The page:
So far, at least two companies have signed partnership agreements with Ranomics. The company reached out to French bioinformatics firm Interactive Biosoftware and New York City-based SolveBio, both of whom have agreed to offer access to its BRCA1 data to customers of their respective platforms. Interactive Biosoftware markets the Alamut software suite of tools for analyzing, annotating, and interpreting genetic variants, while SolveBio provides curated datasets from public and proprietary resources, including genes, proteins, metabolites, drug compounds, clinical trials, and variant-disease relationships.

Ranomics' novel approach to the genetic testing market was attractive to Solve Bio CEO and co-founder Mark Kaganovich. "It's one of the only models that I'm familiar with that does these kind of comprehensive experiments on variants of unknown significance in genes that people are interested in," he told GenomeWeb. It is a model he believes will gain ground as testing gets more tailored. "Obviously, clinical observations are probably the strongest evidence that one can bring to bear for a variant classification, but barring access to those kinds of clinical observations ... experimental evidence is useful and better than nothing."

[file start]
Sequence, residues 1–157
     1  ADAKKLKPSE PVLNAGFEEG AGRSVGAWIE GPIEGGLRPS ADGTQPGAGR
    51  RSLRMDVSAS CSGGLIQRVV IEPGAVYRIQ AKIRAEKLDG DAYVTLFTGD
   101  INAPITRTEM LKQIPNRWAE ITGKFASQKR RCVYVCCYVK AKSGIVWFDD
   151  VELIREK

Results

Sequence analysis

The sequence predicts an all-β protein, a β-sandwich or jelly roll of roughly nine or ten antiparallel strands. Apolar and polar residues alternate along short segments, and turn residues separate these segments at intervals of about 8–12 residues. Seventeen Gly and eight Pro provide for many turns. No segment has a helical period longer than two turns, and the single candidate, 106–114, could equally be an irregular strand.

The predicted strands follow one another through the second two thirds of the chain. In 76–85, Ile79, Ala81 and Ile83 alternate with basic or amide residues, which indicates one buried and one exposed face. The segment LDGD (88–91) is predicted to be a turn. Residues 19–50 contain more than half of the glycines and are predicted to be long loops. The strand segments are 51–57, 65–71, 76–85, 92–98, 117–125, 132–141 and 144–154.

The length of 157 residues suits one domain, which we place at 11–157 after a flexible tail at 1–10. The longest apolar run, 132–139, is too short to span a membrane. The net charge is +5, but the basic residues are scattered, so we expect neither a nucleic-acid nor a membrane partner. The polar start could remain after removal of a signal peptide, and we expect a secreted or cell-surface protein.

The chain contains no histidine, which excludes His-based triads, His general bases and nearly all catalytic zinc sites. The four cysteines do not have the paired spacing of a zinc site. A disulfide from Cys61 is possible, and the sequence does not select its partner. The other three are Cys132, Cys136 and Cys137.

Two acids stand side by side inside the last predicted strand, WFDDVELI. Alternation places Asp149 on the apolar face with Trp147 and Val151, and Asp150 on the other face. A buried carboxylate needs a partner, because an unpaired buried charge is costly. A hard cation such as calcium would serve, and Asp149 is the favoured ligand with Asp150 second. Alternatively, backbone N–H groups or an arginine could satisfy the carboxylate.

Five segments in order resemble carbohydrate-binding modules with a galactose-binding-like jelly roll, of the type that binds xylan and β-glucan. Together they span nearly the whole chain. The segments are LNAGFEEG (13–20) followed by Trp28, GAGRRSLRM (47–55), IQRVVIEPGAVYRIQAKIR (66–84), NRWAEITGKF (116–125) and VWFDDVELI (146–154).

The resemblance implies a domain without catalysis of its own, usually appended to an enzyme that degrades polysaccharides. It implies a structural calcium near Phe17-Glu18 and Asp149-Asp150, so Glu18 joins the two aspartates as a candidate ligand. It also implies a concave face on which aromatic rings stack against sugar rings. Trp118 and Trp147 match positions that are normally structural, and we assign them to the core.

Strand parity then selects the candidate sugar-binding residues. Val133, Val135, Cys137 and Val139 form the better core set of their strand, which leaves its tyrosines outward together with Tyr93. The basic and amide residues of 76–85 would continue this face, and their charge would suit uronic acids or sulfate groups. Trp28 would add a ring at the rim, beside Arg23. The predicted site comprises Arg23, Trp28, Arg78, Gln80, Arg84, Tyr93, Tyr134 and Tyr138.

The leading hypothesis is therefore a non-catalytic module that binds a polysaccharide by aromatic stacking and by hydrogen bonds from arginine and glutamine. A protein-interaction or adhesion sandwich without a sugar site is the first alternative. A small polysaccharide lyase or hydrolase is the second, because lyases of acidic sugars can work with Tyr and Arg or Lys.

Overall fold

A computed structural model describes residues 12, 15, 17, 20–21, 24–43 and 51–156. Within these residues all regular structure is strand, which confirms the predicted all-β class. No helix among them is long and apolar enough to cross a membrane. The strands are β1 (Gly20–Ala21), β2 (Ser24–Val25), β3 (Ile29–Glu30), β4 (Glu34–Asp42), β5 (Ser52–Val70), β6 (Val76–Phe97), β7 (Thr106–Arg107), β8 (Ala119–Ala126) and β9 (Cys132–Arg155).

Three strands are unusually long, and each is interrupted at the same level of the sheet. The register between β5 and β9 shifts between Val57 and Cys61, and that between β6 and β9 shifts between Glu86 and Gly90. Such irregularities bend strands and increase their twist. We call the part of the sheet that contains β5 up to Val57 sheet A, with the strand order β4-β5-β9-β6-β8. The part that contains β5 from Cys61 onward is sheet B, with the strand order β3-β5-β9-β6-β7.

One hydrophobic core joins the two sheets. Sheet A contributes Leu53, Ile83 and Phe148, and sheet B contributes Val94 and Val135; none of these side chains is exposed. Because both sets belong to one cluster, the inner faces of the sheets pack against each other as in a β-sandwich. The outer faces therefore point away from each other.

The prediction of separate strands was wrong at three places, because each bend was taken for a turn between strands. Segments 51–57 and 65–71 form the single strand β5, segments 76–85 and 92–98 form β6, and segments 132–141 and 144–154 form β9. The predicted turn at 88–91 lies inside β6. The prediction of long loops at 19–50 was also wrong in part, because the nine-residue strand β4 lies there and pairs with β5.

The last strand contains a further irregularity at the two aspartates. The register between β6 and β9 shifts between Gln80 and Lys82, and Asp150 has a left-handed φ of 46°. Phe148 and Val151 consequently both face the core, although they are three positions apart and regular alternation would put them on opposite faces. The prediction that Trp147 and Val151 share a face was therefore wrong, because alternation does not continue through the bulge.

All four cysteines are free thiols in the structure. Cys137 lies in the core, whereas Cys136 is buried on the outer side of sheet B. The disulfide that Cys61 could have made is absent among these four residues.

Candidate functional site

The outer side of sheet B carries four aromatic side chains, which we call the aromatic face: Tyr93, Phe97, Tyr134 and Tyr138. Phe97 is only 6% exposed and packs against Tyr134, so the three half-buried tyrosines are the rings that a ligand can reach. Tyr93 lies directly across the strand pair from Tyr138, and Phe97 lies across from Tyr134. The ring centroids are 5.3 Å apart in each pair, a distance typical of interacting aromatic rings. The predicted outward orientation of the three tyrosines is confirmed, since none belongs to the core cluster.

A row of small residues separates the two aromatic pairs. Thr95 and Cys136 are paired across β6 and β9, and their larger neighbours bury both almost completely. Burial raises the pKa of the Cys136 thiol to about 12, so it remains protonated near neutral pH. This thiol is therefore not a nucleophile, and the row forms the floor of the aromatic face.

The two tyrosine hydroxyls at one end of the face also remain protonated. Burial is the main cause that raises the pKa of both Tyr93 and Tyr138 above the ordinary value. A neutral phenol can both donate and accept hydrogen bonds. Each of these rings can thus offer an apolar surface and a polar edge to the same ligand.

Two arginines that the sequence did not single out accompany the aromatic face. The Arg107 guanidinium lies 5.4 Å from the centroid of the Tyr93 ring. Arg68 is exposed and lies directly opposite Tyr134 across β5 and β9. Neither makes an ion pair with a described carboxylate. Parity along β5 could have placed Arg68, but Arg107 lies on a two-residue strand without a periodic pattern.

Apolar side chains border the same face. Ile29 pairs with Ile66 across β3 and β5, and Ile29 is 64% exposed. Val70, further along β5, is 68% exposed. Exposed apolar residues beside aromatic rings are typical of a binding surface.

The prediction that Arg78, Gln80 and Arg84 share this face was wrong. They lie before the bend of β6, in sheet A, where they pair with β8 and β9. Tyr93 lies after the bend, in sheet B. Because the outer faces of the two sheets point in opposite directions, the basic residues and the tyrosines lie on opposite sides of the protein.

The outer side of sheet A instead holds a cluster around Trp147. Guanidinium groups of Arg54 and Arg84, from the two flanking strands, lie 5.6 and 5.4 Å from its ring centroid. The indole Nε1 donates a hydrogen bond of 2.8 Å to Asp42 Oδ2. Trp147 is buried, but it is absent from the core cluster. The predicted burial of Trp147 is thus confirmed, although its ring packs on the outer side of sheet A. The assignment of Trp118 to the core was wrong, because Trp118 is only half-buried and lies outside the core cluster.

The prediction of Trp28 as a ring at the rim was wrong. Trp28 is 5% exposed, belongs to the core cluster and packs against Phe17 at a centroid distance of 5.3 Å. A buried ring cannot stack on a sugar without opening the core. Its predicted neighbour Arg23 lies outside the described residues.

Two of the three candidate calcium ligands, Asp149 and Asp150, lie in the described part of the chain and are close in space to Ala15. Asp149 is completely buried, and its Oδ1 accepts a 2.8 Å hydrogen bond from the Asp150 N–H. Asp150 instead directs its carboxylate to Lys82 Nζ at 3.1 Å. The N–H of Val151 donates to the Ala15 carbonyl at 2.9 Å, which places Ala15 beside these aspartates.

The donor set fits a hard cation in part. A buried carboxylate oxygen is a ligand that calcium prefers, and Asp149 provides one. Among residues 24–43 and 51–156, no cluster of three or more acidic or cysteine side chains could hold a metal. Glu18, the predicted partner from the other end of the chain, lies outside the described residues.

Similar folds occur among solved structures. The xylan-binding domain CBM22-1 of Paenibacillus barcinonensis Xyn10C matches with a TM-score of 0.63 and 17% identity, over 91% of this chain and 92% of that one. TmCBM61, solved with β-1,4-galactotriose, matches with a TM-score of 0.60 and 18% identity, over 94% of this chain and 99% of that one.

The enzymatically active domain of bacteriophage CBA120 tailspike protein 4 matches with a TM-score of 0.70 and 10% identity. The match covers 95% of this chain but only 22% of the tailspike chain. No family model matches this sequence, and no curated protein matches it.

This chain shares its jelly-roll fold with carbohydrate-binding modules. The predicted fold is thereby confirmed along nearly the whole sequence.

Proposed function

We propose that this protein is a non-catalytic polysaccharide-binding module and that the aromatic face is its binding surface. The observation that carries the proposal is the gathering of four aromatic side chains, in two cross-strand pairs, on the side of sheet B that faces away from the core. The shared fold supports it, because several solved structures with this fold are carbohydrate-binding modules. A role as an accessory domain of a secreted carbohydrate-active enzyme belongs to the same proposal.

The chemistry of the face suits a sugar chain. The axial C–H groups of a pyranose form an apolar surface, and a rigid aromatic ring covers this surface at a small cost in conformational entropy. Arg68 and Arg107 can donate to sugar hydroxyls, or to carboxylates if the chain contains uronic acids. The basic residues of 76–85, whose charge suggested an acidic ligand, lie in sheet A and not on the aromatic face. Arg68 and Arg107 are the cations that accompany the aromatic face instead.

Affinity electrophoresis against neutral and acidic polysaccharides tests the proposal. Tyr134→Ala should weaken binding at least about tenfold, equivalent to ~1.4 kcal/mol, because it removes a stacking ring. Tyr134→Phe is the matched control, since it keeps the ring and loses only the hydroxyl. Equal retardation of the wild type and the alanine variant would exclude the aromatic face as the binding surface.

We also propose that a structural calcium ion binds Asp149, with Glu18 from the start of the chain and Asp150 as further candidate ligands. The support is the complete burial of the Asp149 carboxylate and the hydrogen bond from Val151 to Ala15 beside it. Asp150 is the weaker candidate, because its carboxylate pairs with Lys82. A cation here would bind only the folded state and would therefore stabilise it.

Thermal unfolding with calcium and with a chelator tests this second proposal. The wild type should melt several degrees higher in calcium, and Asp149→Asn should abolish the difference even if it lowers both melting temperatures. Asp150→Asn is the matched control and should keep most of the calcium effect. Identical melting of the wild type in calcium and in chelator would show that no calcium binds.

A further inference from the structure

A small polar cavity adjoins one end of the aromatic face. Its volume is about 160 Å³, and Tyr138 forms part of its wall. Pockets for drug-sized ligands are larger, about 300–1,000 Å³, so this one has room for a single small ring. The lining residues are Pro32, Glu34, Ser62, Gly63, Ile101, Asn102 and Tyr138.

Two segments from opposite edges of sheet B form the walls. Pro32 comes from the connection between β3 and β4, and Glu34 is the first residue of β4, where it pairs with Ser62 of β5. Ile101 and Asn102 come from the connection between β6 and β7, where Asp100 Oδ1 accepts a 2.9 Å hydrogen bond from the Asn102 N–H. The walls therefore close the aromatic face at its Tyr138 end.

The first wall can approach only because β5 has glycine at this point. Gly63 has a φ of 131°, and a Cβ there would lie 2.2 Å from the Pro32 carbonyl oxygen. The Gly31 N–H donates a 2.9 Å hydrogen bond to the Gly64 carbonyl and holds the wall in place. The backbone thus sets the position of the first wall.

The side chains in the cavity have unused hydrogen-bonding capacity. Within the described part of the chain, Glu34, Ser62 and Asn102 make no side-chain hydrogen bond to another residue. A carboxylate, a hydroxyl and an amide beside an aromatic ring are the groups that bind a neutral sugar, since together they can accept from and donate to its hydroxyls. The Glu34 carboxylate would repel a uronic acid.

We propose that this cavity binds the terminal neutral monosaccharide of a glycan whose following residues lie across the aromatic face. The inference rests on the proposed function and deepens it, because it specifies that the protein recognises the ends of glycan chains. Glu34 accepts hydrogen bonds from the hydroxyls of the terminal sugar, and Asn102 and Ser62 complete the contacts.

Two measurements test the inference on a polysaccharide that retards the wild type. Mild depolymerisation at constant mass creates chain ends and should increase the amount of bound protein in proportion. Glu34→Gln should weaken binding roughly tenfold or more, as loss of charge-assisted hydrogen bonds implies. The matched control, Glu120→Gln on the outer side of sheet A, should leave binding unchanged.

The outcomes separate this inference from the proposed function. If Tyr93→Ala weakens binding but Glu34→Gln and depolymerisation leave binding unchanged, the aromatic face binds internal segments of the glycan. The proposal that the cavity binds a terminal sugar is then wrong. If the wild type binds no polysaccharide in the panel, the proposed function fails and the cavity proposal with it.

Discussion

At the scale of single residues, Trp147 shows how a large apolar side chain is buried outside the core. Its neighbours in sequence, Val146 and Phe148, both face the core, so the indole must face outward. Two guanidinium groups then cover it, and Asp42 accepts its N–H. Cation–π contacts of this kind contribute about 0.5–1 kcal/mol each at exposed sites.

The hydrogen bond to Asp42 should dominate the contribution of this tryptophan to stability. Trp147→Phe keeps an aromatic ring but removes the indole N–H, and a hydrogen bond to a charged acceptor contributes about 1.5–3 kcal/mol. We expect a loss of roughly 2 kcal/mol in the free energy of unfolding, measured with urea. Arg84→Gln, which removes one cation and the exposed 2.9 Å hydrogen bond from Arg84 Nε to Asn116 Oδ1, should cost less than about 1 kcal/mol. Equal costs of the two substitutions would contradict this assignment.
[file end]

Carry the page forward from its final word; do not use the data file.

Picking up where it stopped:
For Interactive Biosoftware's founder and CEO André Blavier, high-throughput functional assays are a valuable tool for generating useful data for more accurate clinical diagnostics. "For years, [there has been] research done on in silico predictions of the functional effects of variations, but this moves at a very slow pace and does not provide very reliable information," he told GenomeWeb. "Functional assays [offer] much stronger evidence for clinical use, so that makes everything really interesting here." Since Ranomics is yet to publish any data, Blavier said his firm will monitor clients' response to the Ranomics Ring Domain database and gauge their interest in receiving more of the company's data in the coming months. "We [want] to see what clinicians will say, and if they find that the functional data correlates with their own findings," he said.